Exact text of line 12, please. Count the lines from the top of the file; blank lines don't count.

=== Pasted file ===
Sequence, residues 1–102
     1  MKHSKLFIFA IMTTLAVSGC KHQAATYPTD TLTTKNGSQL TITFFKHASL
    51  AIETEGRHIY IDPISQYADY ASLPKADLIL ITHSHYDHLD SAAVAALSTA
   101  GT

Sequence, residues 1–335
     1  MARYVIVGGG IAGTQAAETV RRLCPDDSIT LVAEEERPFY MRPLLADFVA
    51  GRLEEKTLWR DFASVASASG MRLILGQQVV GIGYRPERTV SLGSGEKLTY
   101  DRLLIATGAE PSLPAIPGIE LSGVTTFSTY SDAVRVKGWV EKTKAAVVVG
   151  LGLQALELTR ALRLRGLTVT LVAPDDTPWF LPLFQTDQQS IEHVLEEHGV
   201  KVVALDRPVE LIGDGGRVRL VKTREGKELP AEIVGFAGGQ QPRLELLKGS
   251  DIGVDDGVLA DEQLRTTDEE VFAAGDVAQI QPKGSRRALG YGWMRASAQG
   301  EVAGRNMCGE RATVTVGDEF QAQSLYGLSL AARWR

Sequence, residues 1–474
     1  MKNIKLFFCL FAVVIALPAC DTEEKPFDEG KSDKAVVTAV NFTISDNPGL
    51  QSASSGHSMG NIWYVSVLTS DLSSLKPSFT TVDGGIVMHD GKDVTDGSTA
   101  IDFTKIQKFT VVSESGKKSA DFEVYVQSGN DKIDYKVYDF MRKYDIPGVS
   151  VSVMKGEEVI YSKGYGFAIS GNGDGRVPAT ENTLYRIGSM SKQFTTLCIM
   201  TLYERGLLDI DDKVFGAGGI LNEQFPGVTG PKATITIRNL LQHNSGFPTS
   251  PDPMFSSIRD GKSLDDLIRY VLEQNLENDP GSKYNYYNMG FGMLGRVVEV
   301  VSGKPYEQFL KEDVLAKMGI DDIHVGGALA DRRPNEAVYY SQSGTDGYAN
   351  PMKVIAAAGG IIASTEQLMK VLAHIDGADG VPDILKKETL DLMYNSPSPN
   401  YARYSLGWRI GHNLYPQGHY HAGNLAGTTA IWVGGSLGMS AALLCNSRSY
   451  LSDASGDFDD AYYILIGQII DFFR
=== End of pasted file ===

   301  EVAGRNMCGE RATVTVGDEF QAQSLYGLSL AARWR